By John David Dyche
Christmas is about peace, which makes it a fit time to ponder war. Peace is more than the "mere" absence of war, but what an awesome first step that would be!
This column often criticizes President Obama, but there is no doubt that he sincerely wants peace. The American people do, too.
That desire is always understandable, but it is especially powerful now since we have been at war since 2001. The U. S. used armed force first in Afghanistan, where our troops will be fighting and dying for at least another year, then in Iraq, and now all around the globe via drones.
These conflicts have taken a costly toll, and in human even more than financial terms. Our hearts ache at the memory of lives lost, the bodies, minds, and families scarred and shattered, and the unbearable pains endured.
Having paid this dear price we hope the world is better off for it. That it is not clearly so is profoundly troubling and prompts, or should prompt, a reexamination of first principles.
Whether true in these instances or not, it is indisputable, yet paradoxical, that war and the willingness to wage it are sometimes precursors, if not preconditions, of peace. And so it shall be until all souls are transformed with Christian love or something very much like it, an unlikely change in human nature for which it is probably unrealistic to hope.
In the Christian gospels there is no approval by Jesus of violence, much less mass, organized warfare. Over history's course, however, harsh realities have compelled some who call themselves followers of Jesus to reluctantly rationalize resort to force.
Hence the so-called "just war" doctrine. Likewise, many churchgoing Americans have pulled triggers or dropped bombs to win independence, save the Union, end slavery, make the world safe for democracy, avenge Pearl Harbor, stop Hitler, resist Communism, respond to 9/11, preempt terrorism, or advance other objectives of varying nobility.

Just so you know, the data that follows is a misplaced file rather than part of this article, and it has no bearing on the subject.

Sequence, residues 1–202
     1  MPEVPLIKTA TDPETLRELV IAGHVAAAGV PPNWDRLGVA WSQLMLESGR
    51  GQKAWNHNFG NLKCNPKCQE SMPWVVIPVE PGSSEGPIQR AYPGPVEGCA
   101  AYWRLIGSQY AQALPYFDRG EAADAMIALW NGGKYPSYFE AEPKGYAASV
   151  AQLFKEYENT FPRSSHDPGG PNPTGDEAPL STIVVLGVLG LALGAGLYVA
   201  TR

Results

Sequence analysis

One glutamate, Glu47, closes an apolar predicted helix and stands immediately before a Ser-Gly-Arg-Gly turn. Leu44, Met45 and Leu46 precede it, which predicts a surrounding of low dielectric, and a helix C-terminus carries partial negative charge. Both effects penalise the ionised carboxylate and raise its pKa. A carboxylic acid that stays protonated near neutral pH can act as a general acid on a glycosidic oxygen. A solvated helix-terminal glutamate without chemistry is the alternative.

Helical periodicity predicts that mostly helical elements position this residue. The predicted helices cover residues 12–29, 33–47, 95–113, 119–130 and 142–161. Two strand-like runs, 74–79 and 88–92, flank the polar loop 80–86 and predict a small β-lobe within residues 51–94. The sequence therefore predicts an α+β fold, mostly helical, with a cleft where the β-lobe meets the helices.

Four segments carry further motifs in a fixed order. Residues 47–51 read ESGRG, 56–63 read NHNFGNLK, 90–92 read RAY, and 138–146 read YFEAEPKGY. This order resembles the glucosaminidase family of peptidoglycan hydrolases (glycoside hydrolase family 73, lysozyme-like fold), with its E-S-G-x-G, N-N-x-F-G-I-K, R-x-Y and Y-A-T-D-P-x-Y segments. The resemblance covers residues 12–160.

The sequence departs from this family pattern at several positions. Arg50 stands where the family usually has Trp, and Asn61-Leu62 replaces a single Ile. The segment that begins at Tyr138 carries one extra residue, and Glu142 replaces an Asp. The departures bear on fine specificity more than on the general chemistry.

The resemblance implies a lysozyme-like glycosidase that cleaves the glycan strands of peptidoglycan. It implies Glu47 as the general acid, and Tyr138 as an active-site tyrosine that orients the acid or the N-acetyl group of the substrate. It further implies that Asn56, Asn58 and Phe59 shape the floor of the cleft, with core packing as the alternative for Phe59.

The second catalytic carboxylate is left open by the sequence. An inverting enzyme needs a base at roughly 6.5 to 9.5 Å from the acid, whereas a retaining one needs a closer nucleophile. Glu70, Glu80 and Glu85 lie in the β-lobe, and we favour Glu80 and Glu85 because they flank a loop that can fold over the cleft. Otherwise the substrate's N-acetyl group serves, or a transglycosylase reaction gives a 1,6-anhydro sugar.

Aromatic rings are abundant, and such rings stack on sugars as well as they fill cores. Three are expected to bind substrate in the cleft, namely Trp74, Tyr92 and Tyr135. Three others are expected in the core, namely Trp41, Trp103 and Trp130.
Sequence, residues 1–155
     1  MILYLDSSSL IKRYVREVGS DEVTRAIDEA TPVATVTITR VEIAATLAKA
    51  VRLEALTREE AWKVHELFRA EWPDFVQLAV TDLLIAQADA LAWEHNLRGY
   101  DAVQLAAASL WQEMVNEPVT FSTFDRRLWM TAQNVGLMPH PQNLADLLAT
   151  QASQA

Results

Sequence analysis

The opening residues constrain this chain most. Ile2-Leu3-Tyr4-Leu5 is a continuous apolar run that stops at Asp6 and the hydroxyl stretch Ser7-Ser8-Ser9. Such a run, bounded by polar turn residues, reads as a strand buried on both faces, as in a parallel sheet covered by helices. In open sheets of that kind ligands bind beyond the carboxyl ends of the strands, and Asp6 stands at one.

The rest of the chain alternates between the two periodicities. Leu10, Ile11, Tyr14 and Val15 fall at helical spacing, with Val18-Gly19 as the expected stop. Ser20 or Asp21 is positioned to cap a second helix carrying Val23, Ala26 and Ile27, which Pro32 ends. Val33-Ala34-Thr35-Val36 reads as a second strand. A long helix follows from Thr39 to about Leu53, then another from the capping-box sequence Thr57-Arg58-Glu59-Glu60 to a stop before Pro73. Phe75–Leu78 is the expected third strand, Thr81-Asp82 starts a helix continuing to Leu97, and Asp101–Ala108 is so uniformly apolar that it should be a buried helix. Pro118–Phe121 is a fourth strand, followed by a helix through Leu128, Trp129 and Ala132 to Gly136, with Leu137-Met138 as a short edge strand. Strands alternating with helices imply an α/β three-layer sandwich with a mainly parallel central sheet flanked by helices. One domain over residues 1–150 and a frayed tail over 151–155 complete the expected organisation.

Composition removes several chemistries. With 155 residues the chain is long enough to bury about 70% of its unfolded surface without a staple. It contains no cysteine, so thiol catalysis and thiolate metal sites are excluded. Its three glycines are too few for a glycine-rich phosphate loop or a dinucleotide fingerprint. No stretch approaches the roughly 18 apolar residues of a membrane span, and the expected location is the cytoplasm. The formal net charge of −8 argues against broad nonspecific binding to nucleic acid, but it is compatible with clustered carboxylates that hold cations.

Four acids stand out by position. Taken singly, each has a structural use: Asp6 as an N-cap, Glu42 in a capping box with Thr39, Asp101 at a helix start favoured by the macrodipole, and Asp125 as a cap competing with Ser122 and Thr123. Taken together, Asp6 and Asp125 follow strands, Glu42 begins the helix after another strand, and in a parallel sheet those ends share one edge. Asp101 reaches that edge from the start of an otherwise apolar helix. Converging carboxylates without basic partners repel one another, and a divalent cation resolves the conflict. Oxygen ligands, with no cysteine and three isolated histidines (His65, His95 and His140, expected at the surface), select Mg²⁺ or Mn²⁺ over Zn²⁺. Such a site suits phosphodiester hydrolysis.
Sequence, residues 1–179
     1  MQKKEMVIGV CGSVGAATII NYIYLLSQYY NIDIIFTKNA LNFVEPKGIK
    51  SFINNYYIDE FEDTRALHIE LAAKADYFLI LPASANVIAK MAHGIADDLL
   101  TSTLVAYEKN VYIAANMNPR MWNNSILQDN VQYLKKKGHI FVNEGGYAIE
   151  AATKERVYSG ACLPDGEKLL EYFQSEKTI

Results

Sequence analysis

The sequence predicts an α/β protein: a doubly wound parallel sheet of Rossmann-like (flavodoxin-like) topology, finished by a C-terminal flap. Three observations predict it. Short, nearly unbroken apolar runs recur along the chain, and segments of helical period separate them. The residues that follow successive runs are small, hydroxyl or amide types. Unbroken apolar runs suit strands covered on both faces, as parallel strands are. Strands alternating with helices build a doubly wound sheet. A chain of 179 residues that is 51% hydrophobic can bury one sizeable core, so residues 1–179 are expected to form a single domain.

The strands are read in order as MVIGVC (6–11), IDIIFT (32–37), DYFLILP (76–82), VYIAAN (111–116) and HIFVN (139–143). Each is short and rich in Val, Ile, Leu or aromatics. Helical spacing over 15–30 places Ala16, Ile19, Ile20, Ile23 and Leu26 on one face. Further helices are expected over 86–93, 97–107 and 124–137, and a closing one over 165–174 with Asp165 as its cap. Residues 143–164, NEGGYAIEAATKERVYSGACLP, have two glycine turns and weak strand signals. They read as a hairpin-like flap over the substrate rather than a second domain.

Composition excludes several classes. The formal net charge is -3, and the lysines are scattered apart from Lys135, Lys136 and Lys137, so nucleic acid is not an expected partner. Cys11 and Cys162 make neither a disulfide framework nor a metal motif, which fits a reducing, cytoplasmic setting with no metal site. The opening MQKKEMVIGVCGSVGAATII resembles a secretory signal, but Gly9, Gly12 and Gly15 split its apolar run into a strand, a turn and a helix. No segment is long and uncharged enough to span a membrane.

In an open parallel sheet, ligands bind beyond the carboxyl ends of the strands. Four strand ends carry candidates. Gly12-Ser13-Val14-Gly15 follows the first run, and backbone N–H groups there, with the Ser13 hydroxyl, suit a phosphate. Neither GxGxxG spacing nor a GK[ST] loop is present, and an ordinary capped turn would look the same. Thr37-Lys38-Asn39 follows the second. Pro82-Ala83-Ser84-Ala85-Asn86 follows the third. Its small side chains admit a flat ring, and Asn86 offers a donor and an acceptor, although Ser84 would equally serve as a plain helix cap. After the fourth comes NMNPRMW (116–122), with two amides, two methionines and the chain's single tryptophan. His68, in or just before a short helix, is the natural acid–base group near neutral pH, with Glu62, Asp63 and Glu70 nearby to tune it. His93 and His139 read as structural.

Others have taken a different, less traveled road. Faithful to the passive non-resistance that Jesus taught and heedless of the consequences, they have given life to the hymn's exhortation, "Let there be peace on earth, and let it begin with me."
A column by this humble correspondent will obviously not conclude a debate that has defied resolution despite the participation of eminent people like Augustine, the Niebuhrs, Bonhoeffer, and King. But maybe this modest meditation can serve as a seasonally appropriate reminder of how very important it is that we always agonize over the alternatives, respect those with whom we differ, and realize that we could be wrong and can change our minds.
We should remember, too, that peace and how best to achieve it is not only a matter on the grand scale of battles between and among nation states, revolutionaries, and terrorists. It is as important, if not more important, on the much smaller scales of communities, families, friends, neighbors, the next person you encounter, and, of course, ourselves.
Every day is full of evidence that violence can take many forms other than physical force and manifests itself in myriad ways. Sometimes it seems that one must try to be a peacemaker of sorts merely to make it through the day, and blessed be we for any such efforts.
By bringing us back to Bethlehem's stable, Christmas returns us to an original peacefulness from which we may have wandered away, ever more wearily, from January through December. The challenge, or perhaps better the opportunity, is to preserve at least a little piece of Christmas peace in our everyday existence from the front of the calendar to the back.
The words, "Lord, make me an instrument of thy peace," are among the most aspirational and inspirational of all prayers. At Christmas we react with joy and possibility in the presence of the ultimate instrument of Gods' peace, that innocent child in the manger, so full of potential.
That babe grew into a bold man who gave his life in the causes of love and peace. Christmas causes us to consider whether we can give just a little bit, or more, and maybe even a lot, of ours in service of those same causes.
For some, but too few, the response is dramatic and involves a radical change. For all it must include more peaceful attitudes and actions touching first those closest to us and continue, in at least some small way, to all who grieve, are lonely, are sick, or suffer, and finally extend to the countless distant strangers we will never know.
We will fail and fall short because we are human, but our imperfection is not a legitimate excuse for not trying. Come next Christmas we may well find ourselves in much the same shape as we are in at this one, but the answer is still to search for peace.
So Merry Christmas. And may the peace of Christ be with you.
John David Dyche is a Louisville attorney and a political commentator for WDRB.com. His e-mail is firstname.lastname@example.org. Follow him on Twitter @jddyche.